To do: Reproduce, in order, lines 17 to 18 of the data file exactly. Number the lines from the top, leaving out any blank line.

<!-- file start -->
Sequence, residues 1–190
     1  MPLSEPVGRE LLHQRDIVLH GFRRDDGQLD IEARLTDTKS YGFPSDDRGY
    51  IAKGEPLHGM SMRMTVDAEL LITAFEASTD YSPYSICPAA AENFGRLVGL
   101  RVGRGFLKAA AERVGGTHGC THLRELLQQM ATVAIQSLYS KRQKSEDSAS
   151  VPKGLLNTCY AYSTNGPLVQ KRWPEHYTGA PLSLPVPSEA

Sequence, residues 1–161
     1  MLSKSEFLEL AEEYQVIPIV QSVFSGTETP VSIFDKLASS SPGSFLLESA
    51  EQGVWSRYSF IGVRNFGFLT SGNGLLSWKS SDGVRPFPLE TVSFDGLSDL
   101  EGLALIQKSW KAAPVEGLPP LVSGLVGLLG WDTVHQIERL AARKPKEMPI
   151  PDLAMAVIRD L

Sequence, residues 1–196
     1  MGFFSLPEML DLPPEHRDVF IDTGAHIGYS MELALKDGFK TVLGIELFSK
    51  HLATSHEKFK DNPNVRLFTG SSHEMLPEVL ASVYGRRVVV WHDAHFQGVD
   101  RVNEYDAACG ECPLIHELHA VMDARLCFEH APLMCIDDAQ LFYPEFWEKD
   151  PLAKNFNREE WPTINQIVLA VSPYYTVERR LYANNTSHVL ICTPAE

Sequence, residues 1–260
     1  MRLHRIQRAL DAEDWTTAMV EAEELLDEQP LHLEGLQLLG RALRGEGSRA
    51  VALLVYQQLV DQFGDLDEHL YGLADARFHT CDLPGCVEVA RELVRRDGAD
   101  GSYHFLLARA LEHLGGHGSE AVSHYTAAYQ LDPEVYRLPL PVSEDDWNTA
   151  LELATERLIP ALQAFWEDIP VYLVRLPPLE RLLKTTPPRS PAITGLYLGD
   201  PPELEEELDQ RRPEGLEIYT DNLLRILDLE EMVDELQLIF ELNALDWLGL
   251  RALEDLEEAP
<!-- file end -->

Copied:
     1  MRLHRIQRAL DAEDWTTAMV EAEELLDEQP LHLEGLQLLG RALRGEGSRA
    51  VALLVYQQLV DQFGDLDEHL YGLADARFHT CDLPGCVEVA RELVRRDGAD